What do you get for the guy who has everything?
Of course, the obvious answer to this has always been the same: Nothing. I mean, he really doesn't need anything, so why waste your time?
For those still willing to try, though, I may have just found the answer to your last-minute Christmas woes.
Columbia Records recently released "Miles Davis: The Complete Columbia Album Collection." Now, this is no small undertaking, considering Davis recorded 52 albums for Columbia from 1955 to 1985.
So how do you put all this work into a single collection? You put it on 70 CDs and throw in a live DVD. That's 71 discs in a single purchase!
I was reading a copy of my third-favorite music magazine when I initially discovered this behemoth of a collection. I nearly wet myself. My friends and family can tell you I'm a prodigious collector of music, owning something like 1,000 CDs and at least half that many vinyl records.
I like music a little bit.
I also deeply enjoy Miles' music, but why on earth would I want a 71-disc collection? Even more to the point, how could I ever afford it or ask for it as a gift with a straight face?
So I did a little research on the Web, and found Davis' boxed set would cost a person anywhere from $225 to $436.61. Now, even if you go with the high end of that spectrum, you are paying $6.15 per disc. The low end is $3.17 per disc!
Now, let's compare that to buying them individually. For some quick and dirty figures, we'll just say you pay $12 per disc (a modest estimate). For the entire collection, you'd be paying $852.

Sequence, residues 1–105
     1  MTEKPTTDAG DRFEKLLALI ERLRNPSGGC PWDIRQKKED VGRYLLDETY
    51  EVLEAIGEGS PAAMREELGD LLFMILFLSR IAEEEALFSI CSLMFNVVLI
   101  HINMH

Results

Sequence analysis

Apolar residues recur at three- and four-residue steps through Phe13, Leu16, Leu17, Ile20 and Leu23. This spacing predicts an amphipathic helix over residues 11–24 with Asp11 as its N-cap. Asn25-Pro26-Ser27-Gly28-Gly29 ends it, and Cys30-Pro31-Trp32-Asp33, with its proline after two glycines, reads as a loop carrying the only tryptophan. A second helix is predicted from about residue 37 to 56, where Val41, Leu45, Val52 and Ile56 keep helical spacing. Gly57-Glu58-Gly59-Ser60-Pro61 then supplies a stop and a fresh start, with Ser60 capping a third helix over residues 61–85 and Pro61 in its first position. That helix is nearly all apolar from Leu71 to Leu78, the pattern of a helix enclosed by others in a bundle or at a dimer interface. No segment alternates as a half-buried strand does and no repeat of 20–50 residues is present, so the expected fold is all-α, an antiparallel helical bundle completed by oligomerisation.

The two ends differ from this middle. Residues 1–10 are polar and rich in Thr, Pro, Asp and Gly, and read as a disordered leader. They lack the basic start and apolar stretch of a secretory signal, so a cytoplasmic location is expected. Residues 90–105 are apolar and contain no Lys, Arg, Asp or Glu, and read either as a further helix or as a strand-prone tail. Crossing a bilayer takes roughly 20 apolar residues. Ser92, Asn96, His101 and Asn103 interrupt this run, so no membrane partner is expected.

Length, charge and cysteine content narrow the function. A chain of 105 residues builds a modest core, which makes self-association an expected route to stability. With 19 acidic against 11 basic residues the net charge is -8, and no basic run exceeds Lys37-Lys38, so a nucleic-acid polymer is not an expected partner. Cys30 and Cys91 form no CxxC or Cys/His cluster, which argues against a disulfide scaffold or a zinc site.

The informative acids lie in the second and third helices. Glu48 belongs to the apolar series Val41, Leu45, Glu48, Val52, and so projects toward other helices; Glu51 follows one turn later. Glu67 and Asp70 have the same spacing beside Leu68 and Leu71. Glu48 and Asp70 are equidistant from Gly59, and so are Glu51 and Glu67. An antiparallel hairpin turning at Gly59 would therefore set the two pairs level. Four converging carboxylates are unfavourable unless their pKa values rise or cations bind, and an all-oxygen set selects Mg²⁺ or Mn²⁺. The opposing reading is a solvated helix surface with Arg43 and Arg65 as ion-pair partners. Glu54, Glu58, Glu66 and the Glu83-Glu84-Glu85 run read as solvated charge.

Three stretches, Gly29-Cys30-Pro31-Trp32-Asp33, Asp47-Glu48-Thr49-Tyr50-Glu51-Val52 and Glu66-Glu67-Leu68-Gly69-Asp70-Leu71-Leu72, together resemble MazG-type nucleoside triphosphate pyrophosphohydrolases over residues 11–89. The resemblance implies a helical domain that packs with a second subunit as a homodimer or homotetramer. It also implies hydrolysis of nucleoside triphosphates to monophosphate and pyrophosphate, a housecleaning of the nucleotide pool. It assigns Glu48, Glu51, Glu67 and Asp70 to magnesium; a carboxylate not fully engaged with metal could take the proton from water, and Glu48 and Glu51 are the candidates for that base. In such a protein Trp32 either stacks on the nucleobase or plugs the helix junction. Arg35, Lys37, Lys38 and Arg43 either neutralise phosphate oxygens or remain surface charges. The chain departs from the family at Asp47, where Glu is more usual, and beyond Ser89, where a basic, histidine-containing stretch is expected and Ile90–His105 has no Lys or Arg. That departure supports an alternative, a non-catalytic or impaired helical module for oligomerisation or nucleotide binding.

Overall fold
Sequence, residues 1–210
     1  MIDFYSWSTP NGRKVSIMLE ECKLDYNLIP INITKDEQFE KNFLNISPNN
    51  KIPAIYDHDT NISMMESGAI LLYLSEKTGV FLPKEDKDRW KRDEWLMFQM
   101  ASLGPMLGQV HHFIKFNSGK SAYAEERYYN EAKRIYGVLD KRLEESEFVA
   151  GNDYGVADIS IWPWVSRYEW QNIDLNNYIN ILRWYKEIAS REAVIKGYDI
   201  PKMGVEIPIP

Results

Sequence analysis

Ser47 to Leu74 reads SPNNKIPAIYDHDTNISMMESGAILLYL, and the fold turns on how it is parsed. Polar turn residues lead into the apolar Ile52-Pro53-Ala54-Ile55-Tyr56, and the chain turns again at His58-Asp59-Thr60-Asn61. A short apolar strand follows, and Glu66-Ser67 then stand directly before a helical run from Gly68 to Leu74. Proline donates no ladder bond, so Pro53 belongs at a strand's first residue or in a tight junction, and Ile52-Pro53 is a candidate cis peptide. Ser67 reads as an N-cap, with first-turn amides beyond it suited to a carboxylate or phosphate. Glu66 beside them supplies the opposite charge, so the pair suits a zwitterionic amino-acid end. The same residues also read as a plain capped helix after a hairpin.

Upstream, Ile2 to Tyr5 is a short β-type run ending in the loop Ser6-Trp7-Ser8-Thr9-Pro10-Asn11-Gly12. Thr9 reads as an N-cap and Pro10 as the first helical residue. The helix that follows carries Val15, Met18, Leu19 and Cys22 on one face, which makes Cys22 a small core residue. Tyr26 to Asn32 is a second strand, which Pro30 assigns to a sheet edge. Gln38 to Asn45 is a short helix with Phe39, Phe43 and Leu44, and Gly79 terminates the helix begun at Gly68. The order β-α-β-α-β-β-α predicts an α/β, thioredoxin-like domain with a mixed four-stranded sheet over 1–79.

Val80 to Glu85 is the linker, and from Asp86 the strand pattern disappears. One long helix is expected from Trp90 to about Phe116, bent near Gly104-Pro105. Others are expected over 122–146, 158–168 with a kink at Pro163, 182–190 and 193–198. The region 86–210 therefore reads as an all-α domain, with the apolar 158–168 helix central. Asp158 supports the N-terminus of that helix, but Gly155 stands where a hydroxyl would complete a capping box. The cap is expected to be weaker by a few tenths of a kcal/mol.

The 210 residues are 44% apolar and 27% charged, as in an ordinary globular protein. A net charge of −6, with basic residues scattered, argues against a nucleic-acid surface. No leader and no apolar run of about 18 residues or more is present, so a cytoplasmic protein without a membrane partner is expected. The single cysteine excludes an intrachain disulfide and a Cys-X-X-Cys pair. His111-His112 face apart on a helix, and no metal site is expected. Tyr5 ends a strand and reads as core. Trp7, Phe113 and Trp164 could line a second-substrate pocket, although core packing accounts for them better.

No matter how you stack it, this boxed set is a good deal.
But it's not always about being a good deal. I could sell you an Indy car for $100,000 and that would be way below market value. That doesn't mean you should make the purchase.
Who on Earth has the time to really listen and take in those discs? I have about nine discs worth of the material on this album and can only imagine myself owning a handful more. My Miles Davis collection is complete enough for me.
Those who would buy it would have to have a way deeper love of Miles Davis than I possess. The problem is, wouldn't they already own the bulk of the quality stuff from this era? Why buy it again?
In trying to find the people who would actually buy the collection, I got online to read some customer reviews. Indeed, at least 29 amazon.com customers found it worth their hard-earned money. However, most of the reviews were extremely negative, but only because of poor packaging. Box lids were split. The disc sleeves were poorly made. Glue was everywhere.
One collection was even missing discs, including the 1959 masterpiece "Kind of Blue." No big deal. It might just be the greatest jazz album ever made. Getting this collection without that CD is like the Jacksons touring without Michael. (What? They're doing that? Ouch!)
So, not only was this an ill-conceived idea in the first place, but they couldn't even do the packaging properly.
I would certainly hope if I dropped more than four bills on a collection that it's box would be plated with gold.
With all that said, though, it would be an interesting addition to a music collection. If anyone is looking for a last-minute gift for me, the collection is easy to find online.
Contact me at the e-mail address below and I'll give you my mailing address.
Jared Jernagan is the assistant editor of the Banner Graphic. He can be contacted at email@example.com.